Austin guitarist Eric Johnson has maintained his virtuosity throughout a 40-year career, but found himself learning something new from a trip to his past.
Johnson, one of Musician magazine’s Top 100 guitarists of the 20th century, decided to revisit the 1990 album that put him on a national stage, “Ah Via Musicom,” for a revival tour two years ago. Although hits from that album like “Trademark,” “Righteous” and the Grammy Award-winning “Cliffs of Dover” have been a regular part of his concerts ever since, the 65-year-old Johnson found studying that album again had some fresh insights.
While his considerable musicianship had grown over the years, hearing his play on a nearly 30-year-old album that pushed the envelope with its searing solo lines and challenging chords reminded him of some things he’d unintentionally put aside.
“I had never done all the songs together (in concert) . . . Listening to it, you see how you let go of other things you knew,” he said in a phone interview from his Austin home. “I kind of had to re-learn some of the songs.”
For Waco fans who remember “Ah Via Musicom,” the second half of Johnson’s Thursday night show at The Backyard offers a rare chance to hear the album performed live, in sequence and with the original musicians who backed Johnson, drummer Tommy Taylor and bassist Kyle Brock.
“It’s the original band . . . and they sound great,” he said.
The show’s first half features more of the musical mix that Johnson’s fans have heard live: hits from his albums, covers filtered through Johnson’s fingers and interpretation, and some new originals.
Thursday’s show nearly winds up Johnson’s “Ah Via Musicom” tour — the finale comes Friday in Baton Rouge, Louisiana — with the guitarist beginning a fall run of his Experience Hendrix Tour, which celebrates Jimi Hendrix, the masterful rock guitarist of the 1960s and ’70s.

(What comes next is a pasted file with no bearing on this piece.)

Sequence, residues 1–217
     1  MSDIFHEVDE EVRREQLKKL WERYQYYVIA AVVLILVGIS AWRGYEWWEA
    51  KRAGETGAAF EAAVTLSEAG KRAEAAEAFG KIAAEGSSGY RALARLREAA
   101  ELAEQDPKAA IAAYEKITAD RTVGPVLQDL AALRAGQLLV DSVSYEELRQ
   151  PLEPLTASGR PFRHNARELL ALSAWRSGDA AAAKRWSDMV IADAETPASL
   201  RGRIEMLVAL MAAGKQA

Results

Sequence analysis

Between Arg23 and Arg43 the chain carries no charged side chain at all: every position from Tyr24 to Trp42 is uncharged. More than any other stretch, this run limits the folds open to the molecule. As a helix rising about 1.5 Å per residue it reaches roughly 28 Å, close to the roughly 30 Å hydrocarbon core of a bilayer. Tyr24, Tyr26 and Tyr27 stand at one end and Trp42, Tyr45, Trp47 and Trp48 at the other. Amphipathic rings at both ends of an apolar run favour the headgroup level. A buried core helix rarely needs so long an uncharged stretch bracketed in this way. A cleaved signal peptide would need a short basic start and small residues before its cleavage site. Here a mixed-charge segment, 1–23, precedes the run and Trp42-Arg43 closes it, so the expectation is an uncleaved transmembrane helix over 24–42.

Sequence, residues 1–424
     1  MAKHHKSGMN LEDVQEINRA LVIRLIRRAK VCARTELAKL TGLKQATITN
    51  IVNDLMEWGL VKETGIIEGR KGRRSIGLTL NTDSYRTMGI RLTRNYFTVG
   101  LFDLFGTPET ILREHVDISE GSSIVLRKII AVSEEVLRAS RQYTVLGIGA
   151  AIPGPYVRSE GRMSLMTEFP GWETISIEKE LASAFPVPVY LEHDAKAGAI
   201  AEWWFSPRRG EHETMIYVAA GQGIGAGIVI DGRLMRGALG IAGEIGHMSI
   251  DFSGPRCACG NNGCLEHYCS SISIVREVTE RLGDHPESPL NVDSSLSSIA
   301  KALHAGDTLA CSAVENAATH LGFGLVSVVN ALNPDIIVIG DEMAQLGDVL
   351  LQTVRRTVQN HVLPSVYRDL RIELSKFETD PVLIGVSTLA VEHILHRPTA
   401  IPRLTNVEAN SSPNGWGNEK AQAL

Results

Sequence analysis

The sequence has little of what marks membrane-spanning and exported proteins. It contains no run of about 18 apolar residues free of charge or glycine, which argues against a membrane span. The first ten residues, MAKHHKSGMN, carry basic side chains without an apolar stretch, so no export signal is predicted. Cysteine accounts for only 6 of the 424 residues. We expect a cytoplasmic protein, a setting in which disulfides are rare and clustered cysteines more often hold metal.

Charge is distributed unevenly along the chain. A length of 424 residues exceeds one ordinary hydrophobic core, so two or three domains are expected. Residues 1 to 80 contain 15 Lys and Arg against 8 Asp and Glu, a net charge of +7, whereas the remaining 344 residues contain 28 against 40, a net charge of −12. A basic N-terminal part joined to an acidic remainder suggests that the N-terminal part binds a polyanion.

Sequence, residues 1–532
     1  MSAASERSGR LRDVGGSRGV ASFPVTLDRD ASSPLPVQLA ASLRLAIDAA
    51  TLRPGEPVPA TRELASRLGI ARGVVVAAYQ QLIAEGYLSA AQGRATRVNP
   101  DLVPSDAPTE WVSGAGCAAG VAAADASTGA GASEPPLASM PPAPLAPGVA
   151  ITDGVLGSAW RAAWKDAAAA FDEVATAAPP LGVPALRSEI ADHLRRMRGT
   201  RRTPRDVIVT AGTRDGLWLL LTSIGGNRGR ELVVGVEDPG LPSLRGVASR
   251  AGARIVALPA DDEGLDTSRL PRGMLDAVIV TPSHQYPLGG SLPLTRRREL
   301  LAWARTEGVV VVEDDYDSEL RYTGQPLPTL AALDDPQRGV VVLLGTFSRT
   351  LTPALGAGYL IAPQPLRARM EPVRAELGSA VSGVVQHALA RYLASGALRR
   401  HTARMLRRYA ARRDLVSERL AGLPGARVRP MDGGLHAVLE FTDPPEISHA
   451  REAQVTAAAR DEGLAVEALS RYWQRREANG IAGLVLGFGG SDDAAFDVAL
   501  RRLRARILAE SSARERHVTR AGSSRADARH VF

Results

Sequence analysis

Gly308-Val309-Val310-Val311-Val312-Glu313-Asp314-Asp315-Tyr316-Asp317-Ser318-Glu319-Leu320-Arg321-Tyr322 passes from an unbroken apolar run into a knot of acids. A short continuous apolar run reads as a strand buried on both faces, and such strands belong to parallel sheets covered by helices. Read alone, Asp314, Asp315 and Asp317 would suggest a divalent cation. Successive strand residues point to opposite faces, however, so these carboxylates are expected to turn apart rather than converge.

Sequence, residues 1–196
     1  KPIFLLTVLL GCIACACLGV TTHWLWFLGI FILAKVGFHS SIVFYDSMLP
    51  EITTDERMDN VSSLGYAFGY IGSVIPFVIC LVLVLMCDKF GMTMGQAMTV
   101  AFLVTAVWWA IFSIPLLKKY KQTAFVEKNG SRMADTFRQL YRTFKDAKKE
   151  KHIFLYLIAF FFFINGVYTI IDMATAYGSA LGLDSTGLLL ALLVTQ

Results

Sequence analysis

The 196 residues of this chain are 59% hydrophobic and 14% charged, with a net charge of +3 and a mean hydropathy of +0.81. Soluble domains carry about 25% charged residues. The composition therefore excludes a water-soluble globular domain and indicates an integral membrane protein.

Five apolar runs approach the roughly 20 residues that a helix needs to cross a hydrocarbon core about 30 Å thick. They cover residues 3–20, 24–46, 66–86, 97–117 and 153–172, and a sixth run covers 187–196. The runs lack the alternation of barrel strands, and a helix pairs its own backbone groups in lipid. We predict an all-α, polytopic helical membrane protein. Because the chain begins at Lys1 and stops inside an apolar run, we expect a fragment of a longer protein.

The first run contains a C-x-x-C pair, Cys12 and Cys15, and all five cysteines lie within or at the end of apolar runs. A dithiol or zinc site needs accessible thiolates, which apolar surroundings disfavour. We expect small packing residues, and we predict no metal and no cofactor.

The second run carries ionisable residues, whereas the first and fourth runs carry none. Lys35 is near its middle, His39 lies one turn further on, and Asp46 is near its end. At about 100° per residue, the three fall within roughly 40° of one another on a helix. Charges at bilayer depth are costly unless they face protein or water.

Johnson says rock guitarists don’t command the attention they did early in his career, when his ability was opening doors for collaborations with Eric Clapton, Steve Vai, Chet Atkins and Joe Satriani, the latter with whom he still plays.
“I think the novelty and newness of rock guitar has worn off a bit. It’s not going to have the same reaction that it did,” he said. “It’s up to musicians to have something new for listeners.”
That’s what Johnson has done in his career, working in jazz, pop, blues and country flavors on both acoustic and electric guitar, while composing on piano. He’s released 10 albums, the latest being 2017’s “Collage,” a blend of songs by such artists as Stevie Wonder, B.B. King and the Beatles with Johnson’s originals.
Though Johnson often became known for the long periods between his recordings, he’s got a new album in the works only two years from “Collage.” It started off with Johnson on acoustic guitar with percussion and he was thinking he might have a “EJ, Vol. 2” in the making. Then he added electric guitar to a song, more instrumentation on others and found himself ending up in a different place and one predominantly blues-rock in style.
“It’s more of a song record and a little different than most of my other records,” he said. “It’s not so much crazy guitar.”